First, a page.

Jonas Vileišis

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For other people with the surname of Vileišis, see Vileišis.
Jonas Vileišis

Jonas Vileišis About this sound pronunciation (January 3, 1872 – June 1, 1942) was a Lithuanian lawyer, politician, and diplomat.

Early life and career[edit]

Jonas Vileišis with his brothers (standing, first from left)

Vileišis was born in Mediniai, near Pasvalys. In 1892 he graduated from the Šiauliai gymnasium. During 1892-1894, he studied physics and mathematics at Saint Petersburg University. Later he transferred to the study of law, graduating in 1898. As a student he began contributing to the newspapers Varpas (The Bell) and Ūkininkas (The Farmer). From 1896 to 1898 he was a member of the Social Democratic Party of Lithuania. After returning to Lithuania, he began practicing law and joined the 12 Apostles organization, dedicated to defending the right to use the Lithuanian language in print, which was banned at the time. In 1902 he participated in the creation of the Lithuanian Democratic Party.

After the ban on Lithuanian language was lifted in 1904, Vileišis obtained permission to publish the newspaper Lietuvos Ūkininkas and was its editor-in-chief from 1905 to 1906. From 1907 to 1909, he served as the publisher of Vilniaus žinios (Vilnius News) and, after it was banned, published and edited Lietuvos Žinios (Lithuanian News). He was one of the organizers of the Great Seimas of Vilnius in 1905, and an organizer of the Lithuanian Science Society in 1907.

At the beginning of World War I, Vileišis co-founded a Lithuanian organization aimed at helping war victims with agronomic and legal support, and became its chairman. He was also an active member of the Lithuanian Committee. Six schools were established by Vileišis in the Alanta district. As a member of the Lithuanian Science Society he organized the publication of school textbooks. For distributing anti-German fliers among teachers, he was jailed in the Lukiškės Prison for six months and later to Germany for forced labor. In Berlin he managed to escape from prison, and he went into hiding until he was given permission to return to Lithuania.

Political career[edit]

Jonas Vileišis (seated, first from right) in the Fourth Cabinet of Ministers

From 1917 to 1920, Vileišis participated in the work of the Council of Lithuania. He was the only member to oppose the Declaration of Independence of December 11, 1917, in which Lithuania promised to be Germany's satellite. Vileišis was one of the four members of the Council to resign on January 26, 1918, on the grounds that the Council of Lithuania had no right to usurp the rights of the Constituent Assembly of Lithuania, and that its authority only applied to the determination of Lithuania's future and model of the state. All twenty members of the Council voted on February 16 to the new edition brought by four members (Jonas Vileišis, Mykolas Biržiška, Steponas Kairys and Stanisław Narutowicz), that returned with new edition of Act of Independence of Lithuania. A few days afterward, together with Justinas Staugaitis and Jurgis Šaulys, he left for Germany to seek recognition of Lithuanian independence.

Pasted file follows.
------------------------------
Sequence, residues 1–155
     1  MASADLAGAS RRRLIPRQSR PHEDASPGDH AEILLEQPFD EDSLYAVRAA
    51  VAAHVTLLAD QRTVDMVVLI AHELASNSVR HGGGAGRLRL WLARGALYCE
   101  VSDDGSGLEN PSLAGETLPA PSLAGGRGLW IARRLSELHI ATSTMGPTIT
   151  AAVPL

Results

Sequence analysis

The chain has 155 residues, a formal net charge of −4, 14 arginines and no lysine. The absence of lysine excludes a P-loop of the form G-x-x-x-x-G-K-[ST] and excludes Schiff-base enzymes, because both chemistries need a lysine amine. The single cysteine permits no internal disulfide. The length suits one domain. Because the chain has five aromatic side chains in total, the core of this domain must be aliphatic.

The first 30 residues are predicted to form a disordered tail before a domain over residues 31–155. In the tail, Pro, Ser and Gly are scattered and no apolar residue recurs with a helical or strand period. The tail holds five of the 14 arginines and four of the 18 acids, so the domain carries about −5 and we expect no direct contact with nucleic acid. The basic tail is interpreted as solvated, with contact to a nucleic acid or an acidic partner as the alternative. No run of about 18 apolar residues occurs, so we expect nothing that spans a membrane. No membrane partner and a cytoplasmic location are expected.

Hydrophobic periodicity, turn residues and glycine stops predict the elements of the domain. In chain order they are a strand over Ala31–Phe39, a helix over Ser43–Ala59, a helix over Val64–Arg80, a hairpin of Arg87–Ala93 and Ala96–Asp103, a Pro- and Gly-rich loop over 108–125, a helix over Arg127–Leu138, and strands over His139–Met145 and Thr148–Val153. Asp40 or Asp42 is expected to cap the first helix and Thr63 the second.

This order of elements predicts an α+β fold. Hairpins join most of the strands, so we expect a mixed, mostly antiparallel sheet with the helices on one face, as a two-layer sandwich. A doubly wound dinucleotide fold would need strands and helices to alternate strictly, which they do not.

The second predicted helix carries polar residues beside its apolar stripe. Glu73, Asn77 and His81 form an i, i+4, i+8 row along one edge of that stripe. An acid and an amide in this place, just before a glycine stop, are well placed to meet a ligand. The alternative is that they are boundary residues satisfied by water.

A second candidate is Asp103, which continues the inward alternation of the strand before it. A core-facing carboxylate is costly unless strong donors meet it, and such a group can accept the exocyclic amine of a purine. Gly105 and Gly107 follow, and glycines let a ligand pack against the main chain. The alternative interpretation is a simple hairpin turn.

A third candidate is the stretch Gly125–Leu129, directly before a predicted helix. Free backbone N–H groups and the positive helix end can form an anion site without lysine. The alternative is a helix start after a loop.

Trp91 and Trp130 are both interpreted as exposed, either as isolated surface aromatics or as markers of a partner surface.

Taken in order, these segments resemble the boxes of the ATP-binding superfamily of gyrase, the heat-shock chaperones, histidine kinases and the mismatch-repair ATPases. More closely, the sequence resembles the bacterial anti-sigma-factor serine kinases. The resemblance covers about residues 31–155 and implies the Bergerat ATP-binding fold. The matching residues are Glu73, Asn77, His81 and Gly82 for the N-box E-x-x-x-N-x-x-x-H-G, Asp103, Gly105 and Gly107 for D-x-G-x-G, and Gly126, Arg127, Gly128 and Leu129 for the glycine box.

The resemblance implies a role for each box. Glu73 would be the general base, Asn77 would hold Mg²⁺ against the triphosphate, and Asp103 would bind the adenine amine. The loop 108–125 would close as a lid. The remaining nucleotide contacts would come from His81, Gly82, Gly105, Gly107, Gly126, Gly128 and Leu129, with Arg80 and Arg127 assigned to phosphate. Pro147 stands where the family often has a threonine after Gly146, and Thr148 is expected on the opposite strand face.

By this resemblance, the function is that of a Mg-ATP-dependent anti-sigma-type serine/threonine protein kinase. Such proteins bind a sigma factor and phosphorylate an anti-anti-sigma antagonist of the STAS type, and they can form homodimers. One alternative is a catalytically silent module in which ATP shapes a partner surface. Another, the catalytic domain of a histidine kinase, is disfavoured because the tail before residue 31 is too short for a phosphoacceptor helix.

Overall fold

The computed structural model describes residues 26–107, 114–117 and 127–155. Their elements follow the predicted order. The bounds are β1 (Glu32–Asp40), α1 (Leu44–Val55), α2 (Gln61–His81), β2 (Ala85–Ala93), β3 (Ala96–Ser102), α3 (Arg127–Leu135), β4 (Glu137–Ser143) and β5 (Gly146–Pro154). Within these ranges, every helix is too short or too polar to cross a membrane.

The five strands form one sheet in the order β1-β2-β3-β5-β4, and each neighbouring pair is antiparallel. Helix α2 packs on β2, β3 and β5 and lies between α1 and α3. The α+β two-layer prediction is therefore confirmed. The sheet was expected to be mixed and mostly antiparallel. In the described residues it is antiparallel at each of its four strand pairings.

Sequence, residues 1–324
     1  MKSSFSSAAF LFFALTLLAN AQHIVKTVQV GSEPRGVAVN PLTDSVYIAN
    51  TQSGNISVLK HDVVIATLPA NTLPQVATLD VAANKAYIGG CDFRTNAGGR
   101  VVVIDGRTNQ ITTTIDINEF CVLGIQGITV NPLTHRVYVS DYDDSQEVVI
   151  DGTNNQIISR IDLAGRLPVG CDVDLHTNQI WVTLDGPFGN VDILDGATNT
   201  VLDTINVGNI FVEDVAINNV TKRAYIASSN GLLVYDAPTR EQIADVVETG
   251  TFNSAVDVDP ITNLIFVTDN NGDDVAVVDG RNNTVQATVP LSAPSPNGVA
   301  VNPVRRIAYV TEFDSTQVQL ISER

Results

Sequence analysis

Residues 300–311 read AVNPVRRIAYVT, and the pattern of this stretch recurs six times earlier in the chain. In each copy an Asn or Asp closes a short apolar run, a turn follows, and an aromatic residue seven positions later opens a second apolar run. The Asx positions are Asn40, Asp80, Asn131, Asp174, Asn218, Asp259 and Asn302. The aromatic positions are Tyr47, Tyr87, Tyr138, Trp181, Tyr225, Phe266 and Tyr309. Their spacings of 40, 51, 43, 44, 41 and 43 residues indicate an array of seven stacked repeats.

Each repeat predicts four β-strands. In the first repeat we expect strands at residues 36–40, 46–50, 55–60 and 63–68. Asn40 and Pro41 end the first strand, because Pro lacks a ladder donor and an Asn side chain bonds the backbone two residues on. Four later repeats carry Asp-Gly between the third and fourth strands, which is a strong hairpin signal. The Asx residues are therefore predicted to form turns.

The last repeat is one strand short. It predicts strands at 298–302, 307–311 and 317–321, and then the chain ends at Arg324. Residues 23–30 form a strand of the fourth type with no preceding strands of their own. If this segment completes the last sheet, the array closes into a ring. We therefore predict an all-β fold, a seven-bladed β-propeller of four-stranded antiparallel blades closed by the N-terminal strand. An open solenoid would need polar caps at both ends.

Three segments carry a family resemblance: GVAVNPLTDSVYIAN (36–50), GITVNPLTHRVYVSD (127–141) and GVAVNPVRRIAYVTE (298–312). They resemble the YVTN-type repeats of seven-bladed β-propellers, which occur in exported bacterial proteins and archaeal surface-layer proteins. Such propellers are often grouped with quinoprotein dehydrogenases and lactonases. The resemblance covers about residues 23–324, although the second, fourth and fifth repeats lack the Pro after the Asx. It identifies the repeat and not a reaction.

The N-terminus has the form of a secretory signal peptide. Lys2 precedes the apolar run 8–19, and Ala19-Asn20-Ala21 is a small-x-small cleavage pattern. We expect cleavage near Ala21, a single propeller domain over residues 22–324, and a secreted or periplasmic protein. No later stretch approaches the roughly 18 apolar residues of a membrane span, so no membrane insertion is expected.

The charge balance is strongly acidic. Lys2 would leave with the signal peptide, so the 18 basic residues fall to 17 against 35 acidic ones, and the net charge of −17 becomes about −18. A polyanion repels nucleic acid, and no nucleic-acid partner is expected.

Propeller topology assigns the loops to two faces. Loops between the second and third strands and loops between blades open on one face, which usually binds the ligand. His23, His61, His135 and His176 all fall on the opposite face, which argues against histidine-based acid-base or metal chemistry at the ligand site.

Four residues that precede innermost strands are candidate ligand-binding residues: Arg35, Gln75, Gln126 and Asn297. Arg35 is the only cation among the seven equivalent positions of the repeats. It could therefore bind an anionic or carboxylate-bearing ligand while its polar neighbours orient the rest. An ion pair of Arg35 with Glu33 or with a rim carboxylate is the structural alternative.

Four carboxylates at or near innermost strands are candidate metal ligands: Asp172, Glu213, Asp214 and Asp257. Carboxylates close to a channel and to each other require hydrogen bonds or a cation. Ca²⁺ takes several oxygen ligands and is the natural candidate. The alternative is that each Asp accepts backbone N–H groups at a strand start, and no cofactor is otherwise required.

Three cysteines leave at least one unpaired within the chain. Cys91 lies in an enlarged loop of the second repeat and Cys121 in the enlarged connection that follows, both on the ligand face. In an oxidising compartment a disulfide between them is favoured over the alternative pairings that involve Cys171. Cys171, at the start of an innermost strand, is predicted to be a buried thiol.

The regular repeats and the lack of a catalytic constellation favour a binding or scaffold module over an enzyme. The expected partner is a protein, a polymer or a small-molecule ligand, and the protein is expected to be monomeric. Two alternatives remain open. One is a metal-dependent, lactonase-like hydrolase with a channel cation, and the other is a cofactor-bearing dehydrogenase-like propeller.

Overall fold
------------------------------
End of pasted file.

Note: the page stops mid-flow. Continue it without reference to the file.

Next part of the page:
From 1917 to 1922 he was a member of the Lithuanian Popular Socialist Democratic Party; from 1922 to 1929 he was a member of the Lithuanian Peasant Popular Union. In 1929 he resigned the post of Chairman of the Central Committee and from the party.

He was invited to serve in the First Cabinet of Lithuania, although he refused. On December 18, 1918, he became Minister of Internal Affairs in the Second Cabinet of Lithuania. While working as a minister he organized municipalities, appointed physicians to every county of Lithuania, and published laws governing cooperatives and army recruitment. Vileišis resigned, along with the entire cabinet, on March 12, 1919.

The Fourth Cabinet of Lithuania (June 12–October 2, 1919) appointed Vileišis Minister of Finance. He prepared a plan for Lithuanian currency reform, although it was not implemented.

In 1919 he was sent as an ambassador to the United States, where he worked to obtain recognition of the state de jure and establish financial and trade relations. He also solicited donations from the Lithuanian-American community, collecting over 1.8 million US dollars; and more importantly, he managed to unite the Lithuanian diaspora. In 1922 he was elected to the First Lithuanian parliament (Seimas), and was a presidential candidate in the June 19, 1922 elections.

Mayor of Kaunas[edit]

From September 30, 1921 until July 2, 1931, he served as mayor (Lithuanian: Burmistras) of Kaunas, the temporary capital of Lithuania. Under his direction Kaunas grew rapidly and became a truly modern city. A water and wastewater system, costing over 15 million Lithuanian litas, was put in place; the city expanded from 18 square kilometers to 40; more than 2,500 buildings were built, including three modern bridges over the Neris and Nemunas rivers. All the city streets were paved, horse-drawn transportation was replaced with modern bus lines, new suburbs were planned and built, and new parks and squares were established. The foundations for a social security system were laid, three new schools were built, and new public libraries, including the Vincas Kudirka library, were established. Vileišis maintained many contacts in other European cities, and as a result Kaunas was an active participant in European urban life.

Vileišis was also a professor at Vytautas Magnus University. On February 1, 1933, he was appointed to the State Council of Lithuania, and worked on the Civil Codecs of Lithuania.

He died in 1942 at Red Cross Hospital in Kaunas, and is buried in Vilnius' Rasos cemetery in the Vileišiai family chapel.

Awards[edit]

References[edit]